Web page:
Getting that Big Idea

Trevor Beattie

“YOU HEAR people say: we want you to have a big idea on this; but I think those people are wrong, I never had a big idea in my life,” modestly confessed Advertising guru Trevor Beattie, last Friday, when speaking at a Coventry Conversation.  “I don’t think you need to, I don’t think you should. I don’t think you should even strive to have a big idea,” reports Diana Teodora Popovici.

Hearing this from someone who was voted in 2002 the Best Creative Director of the Year is shocking to say the least. He developed further, arguing that actually, it is the small ideas that matter, the little ideas that come together to form a great one.

In order to better explain his point Beattie shared with the audience some of his experience in the advertising field, as well as in other fields such as journalism, media production or public relations. Beattie believes that in today’s world there aren’t really any sharp borders between these professional areas as one can lead to another or another can imply pretty much them all. “Your timing is perfect,” he emphasised. “Please thank your parents.” As an example he talked about his long life dream of travelling into space and the opportunity he had, by working in advertising, to actually travel into the zone of zero gravity, by being one of the first persons to try commercial space travelling.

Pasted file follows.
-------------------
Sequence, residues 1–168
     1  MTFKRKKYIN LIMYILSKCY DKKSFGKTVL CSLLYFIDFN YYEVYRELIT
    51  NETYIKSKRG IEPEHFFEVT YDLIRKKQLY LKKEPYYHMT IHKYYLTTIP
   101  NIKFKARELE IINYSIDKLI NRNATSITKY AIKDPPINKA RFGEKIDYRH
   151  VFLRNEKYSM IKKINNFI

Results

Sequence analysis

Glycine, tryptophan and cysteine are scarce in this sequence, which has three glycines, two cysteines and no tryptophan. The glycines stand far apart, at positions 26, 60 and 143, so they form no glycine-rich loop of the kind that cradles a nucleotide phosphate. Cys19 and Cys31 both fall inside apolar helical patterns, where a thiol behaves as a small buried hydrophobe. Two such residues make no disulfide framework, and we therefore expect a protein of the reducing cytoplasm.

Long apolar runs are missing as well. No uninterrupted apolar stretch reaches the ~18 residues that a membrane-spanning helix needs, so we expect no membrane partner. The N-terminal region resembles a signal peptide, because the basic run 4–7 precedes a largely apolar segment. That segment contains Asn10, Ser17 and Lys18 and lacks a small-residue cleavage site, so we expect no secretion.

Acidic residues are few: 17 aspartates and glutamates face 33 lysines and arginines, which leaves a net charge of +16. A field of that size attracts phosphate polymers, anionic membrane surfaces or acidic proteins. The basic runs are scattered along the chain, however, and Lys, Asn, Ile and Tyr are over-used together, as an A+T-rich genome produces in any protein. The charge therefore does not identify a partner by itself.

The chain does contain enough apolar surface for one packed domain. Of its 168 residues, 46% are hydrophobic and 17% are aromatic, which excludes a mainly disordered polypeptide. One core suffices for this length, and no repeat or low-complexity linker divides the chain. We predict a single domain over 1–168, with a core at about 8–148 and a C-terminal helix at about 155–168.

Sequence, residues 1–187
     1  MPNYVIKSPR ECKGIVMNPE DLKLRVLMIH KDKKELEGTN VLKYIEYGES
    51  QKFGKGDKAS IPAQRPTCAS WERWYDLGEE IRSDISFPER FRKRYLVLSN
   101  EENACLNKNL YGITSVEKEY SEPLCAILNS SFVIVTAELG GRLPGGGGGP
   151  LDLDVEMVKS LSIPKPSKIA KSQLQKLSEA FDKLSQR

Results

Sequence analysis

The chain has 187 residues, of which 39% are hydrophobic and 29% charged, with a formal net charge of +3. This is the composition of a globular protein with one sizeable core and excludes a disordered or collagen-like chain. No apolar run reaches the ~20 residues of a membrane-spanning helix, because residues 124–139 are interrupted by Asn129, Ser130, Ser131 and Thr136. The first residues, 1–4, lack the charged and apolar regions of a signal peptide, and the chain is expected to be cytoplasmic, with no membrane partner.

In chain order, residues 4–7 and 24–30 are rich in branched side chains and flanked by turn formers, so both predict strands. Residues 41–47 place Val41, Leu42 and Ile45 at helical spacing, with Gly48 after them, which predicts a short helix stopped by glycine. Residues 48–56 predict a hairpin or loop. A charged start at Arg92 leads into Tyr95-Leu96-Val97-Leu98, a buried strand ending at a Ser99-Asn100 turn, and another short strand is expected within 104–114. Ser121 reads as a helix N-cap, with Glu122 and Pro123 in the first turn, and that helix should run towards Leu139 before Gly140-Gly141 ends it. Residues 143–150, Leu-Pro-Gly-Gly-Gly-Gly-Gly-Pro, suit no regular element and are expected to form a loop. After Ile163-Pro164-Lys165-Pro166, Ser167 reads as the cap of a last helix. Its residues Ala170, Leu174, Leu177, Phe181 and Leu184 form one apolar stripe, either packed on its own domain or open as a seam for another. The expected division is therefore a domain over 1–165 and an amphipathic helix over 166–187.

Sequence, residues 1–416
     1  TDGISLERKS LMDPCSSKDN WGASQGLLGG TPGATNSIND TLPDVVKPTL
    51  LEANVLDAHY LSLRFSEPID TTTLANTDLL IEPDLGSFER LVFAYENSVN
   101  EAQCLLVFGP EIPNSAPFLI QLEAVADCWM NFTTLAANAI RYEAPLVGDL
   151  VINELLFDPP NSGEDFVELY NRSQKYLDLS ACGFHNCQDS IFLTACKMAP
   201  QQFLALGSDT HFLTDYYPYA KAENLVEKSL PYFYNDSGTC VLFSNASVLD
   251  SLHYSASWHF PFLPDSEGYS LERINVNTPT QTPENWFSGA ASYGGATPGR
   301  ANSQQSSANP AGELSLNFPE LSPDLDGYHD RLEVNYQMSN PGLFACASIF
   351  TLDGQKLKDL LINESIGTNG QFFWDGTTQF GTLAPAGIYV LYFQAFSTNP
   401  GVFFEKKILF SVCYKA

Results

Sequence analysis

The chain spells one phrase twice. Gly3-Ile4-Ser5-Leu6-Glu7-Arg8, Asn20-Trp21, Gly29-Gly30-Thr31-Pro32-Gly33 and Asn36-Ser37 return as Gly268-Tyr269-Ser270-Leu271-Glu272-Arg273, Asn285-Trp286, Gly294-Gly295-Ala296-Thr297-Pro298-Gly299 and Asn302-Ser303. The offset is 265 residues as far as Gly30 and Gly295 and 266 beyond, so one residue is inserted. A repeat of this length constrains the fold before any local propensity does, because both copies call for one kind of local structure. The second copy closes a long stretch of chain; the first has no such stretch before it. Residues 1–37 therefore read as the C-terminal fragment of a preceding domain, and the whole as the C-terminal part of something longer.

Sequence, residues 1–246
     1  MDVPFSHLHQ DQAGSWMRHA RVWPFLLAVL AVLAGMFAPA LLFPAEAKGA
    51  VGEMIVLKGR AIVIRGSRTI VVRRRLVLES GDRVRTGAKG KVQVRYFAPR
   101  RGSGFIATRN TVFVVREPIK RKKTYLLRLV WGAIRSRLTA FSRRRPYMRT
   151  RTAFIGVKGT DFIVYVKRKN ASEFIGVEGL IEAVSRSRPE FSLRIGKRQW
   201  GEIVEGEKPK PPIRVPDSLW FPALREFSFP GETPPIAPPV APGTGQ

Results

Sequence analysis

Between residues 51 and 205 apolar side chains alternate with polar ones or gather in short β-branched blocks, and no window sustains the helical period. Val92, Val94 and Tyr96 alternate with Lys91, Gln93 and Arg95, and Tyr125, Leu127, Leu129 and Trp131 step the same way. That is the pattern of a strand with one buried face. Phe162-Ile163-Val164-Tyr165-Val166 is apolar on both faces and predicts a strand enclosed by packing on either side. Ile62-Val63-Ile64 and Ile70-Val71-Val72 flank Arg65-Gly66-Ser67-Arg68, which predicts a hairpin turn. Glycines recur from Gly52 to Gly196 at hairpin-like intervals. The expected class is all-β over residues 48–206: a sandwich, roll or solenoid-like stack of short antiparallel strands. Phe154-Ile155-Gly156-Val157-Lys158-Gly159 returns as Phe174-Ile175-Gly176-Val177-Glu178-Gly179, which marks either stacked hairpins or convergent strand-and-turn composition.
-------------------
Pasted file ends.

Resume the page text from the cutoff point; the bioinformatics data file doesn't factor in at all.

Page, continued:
He believes the Internet is the reason why there are no clear boundaries anymore as it has brought the walls down. Beattie advised the student audience to be open-minded in their future choice of career, arguing that: “We can change things because of the power of Internet.”

Beattie also explained why he doesn’t understand the concept of work and life balance, saying: “In the creative industry your work is your life.” The advantage of that is you can choose to do whatever you enjoy most:”Do what you want to do and include your hobby in it,” he concluded.


1 Comment

Filed under Coventry Conversation, CU events, News, Uncategorized

One response to “Getting that Big Idea

  1. Ali

    It was the 21` Idiot Box that really marked the first ground-breaking change in this structure, mind-set, pecking-order, hierarchy. (Admittedly, Lintas did have an excellent language copy section, but it was more of a sideshow because the times were English!) Suddenly, the way communication was conceived, presented and consumed underwent a seismic change.

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